In his new book, Command and Control, longtime Rolling Stone contributor Eric Schlosser reveals how a series of near-misses and bureaucratic blunders have repeatedly brought America to the brink of nuclear disaster. "The point is to share information about weapons that the government has been hiding from the public for years," the author tells Rolling Stone.
Like many writers, Schlosser relies on music for his creative spark. Radiohead's 2007 track "4 Minute Warning" was particularly important for the Fast Food Nation author during the half decade he spent researching Command and Control.
"During the Cold War, the British government said that if the Soviet Union launched a missile attack, citizens would have four minutes to take cover before the warheads landed," he says. "The lyrics – 'I don't want to hear it, I don't want to know, I just want to run and hide' – express the sense of denial that cloaks the whole subject of nuclear agression."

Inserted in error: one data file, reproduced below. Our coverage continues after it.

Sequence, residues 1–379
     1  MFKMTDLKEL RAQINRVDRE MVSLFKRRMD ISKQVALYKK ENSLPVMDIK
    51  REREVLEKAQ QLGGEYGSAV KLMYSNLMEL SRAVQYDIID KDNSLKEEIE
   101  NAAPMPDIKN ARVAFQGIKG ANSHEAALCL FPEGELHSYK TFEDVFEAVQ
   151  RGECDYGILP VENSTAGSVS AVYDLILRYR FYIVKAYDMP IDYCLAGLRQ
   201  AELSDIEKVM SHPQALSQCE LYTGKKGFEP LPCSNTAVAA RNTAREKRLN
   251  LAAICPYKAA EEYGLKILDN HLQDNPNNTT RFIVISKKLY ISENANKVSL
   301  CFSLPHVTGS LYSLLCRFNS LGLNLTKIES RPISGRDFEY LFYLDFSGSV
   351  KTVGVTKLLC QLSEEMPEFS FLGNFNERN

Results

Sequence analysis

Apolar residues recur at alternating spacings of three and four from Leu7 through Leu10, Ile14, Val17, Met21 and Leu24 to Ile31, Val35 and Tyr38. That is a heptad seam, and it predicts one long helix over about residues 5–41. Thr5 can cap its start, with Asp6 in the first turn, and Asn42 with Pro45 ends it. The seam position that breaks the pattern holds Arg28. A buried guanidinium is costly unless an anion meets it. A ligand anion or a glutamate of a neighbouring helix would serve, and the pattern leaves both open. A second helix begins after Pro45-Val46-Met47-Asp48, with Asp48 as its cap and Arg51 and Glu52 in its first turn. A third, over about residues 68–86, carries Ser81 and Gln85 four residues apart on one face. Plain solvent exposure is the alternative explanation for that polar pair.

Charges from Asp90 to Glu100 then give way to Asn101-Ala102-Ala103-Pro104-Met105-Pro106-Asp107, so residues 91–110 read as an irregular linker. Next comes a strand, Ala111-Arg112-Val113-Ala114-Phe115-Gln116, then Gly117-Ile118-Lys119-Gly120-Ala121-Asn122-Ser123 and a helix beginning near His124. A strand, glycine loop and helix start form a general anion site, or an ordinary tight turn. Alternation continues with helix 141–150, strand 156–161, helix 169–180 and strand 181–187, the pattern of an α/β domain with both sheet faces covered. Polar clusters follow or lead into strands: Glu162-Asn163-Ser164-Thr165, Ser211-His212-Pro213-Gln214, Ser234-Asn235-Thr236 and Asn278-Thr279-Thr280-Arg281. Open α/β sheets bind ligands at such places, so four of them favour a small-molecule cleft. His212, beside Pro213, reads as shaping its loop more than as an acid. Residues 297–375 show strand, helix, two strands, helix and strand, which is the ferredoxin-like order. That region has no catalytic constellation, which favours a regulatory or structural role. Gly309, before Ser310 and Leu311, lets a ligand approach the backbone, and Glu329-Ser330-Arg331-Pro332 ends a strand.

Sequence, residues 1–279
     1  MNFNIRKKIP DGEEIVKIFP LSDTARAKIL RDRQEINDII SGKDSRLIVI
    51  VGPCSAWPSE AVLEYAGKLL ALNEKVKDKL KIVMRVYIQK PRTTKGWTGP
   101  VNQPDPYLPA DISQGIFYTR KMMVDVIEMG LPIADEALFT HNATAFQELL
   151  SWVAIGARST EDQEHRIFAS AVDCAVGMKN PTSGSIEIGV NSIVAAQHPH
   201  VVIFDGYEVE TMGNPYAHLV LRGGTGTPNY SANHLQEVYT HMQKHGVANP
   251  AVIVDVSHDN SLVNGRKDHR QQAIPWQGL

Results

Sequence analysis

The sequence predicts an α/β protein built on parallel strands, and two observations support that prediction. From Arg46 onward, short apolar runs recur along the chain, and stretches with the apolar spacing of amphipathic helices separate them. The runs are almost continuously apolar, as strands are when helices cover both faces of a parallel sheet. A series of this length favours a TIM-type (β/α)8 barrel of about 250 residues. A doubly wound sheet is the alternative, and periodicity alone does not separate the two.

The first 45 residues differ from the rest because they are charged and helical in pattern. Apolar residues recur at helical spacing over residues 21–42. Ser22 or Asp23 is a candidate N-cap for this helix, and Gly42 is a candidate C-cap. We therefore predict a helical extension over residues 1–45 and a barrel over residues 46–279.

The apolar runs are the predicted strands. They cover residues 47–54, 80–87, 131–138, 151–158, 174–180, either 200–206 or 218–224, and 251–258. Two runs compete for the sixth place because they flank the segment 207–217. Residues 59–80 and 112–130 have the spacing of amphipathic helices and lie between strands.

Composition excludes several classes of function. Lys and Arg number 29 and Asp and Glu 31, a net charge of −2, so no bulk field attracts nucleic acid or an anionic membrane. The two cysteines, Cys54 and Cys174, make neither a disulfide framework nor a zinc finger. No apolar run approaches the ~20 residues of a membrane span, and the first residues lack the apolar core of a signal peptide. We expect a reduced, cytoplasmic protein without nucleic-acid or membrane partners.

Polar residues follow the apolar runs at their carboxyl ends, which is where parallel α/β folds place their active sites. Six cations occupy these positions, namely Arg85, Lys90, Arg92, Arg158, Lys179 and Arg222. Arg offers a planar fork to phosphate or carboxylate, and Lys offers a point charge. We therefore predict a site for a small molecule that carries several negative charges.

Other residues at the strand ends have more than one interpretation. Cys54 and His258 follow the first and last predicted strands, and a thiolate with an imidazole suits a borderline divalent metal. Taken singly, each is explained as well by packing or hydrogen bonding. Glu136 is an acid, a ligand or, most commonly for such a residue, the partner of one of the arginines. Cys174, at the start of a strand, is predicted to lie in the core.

Schlosser went a step further in the video above by connecting with filmaker Kevin Ford, who combed through approximately 45 hours of footage – most of it declassified, some of it never before seen. Ford, a veteran editor and cinematographer, wanted a visual take on the central themes of Command and Control, mainly that "we're capable of great beauty as well as destruction," says Schlosser. The result is a four minute and 14 second vision of the madness and incredible dangers that nuclear weapons still pose to the world.
Only one question remained – would the band sign off on the use of their music? "We never expected that Radiohead would let us use the song," says Schlosser. "And then they did!"